About three days ago, we started seeing a new gimmick on Facebook, images that appear to “move in 3D” when you scroll through them or move your mouse cursor over them. This is a parallax effect and it can be accomplished by providing Facebook with a depth map (e.g. “arches_depth.png”) along with the original image (“arches.png”). The two need to have the same resolution and the depth map needs to be generated in a way that close objects are white and far away objects are black.
What’s the most important lesson that shaped you as an artist? For me it’s this. If a photographer only looks at the work of other photographers, his artistic growth will eventually stagnate or even decline due to boredom. Instead we should direct our attention to a much broader spectrum of visual art. Drawing and painting, illustration, sculpture, animation, film, comics and even performance arts.
Some of these other fields help us by inspiring new ideas for photographic work. Others present us with new perspectives, like “how to see the world with the eyes of a landscape painter”. And finally there are some fields that can have a direct impact on our own skill set and portfolio. Today I’d like to talk about one of these fields, the world of 3D.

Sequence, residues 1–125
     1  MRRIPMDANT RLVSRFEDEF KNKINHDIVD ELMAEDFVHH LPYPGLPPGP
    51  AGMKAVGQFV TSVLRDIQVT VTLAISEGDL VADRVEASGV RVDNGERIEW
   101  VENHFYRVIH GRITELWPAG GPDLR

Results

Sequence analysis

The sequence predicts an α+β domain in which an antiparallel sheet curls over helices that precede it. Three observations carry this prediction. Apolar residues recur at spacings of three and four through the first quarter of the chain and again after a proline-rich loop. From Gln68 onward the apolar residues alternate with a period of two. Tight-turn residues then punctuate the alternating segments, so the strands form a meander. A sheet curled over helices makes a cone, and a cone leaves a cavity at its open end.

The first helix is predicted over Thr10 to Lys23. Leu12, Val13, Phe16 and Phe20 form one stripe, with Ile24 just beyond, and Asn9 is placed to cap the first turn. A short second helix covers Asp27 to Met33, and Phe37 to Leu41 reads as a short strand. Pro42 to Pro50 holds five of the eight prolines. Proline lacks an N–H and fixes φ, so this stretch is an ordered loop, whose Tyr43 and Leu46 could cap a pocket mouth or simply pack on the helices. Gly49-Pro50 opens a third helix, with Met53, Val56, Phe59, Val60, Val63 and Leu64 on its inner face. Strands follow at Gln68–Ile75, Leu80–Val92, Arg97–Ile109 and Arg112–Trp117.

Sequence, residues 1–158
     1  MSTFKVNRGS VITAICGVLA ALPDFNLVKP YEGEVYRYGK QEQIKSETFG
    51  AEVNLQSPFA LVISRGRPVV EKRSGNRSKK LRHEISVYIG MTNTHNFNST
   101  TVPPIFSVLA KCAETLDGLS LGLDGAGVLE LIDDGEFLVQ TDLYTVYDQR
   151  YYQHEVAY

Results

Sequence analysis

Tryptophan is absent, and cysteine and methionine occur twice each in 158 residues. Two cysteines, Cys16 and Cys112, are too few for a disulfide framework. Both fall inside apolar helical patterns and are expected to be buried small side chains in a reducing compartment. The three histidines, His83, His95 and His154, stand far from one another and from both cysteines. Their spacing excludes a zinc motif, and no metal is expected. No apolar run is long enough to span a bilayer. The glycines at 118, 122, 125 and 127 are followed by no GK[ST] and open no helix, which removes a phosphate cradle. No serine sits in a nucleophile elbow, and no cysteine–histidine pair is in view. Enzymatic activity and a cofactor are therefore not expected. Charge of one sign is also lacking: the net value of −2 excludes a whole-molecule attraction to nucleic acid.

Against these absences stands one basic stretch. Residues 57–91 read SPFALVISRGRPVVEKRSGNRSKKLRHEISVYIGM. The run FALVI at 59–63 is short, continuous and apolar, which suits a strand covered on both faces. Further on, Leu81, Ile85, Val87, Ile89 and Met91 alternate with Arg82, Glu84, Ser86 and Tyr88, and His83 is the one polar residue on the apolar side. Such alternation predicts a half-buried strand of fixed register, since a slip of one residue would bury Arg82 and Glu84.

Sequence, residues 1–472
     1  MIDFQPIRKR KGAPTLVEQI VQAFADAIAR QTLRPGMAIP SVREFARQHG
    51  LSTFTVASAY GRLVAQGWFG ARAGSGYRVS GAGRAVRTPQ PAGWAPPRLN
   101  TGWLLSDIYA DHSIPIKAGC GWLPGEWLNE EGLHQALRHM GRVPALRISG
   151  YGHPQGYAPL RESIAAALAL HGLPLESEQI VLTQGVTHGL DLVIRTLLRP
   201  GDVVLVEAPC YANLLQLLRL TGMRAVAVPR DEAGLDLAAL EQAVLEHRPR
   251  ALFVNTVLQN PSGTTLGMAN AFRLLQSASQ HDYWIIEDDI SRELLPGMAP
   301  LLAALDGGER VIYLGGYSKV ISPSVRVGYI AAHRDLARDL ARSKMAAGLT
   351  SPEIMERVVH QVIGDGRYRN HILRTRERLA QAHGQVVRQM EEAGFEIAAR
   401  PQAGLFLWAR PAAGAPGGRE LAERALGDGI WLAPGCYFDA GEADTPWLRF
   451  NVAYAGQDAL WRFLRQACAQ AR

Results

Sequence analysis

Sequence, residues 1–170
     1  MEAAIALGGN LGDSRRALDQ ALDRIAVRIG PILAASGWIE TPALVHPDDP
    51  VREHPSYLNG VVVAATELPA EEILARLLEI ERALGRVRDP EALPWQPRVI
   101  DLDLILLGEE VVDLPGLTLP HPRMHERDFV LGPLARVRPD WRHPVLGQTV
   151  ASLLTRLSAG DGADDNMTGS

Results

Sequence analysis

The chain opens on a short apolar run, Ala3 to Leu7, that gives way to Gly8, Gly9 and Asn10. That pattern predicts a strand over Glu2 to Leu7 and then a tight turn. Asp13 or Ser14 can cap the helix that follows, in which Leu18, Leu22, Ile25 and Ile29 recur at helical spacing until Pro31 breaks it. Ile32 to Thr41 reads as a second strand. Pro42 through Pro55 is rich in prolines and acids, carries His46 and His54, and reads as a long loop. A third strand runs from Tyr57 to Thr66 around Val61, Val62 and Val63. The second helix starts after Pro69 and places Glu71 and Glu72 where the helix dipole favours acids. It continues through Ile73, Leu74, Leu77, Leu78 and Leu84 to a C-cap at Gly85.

I’m still rather new to the 3D realm, so this article won’t be about me talking about myself. Instead I would like to show you exactly why diving into 3D could be interesting for YOU. I’ll try to be as honest about it as possible by pointing out advantages as well as disadvantages from a perspective of a photographer. My goal is to give you these insights so you can make an informed decision wether it will be worth your time (and money).
Let’s start by looking at the “plus points” first.
Do you remember your first eye-opening experience with lighting in photography? I think it happend to me while watching one of David Hobby’s tutorials, realizing that the justification for flash lighting is so much more then just “being able to shoot at ISO 100”. Lighting sets the mood, creates separation, defines spacial relation and, sometimes, makes the impossible possible. Today, let’s look at a lighting trick, I’ve only recently come across together with photographer (and good friend) Ethan Oelman while joining him on one of his personal projects. If you love to experiment with mobile flash equipment as well, check out “The Strobe” section bellow – you can win one of the awesome new Elinchrom ELB 400 strobe packs!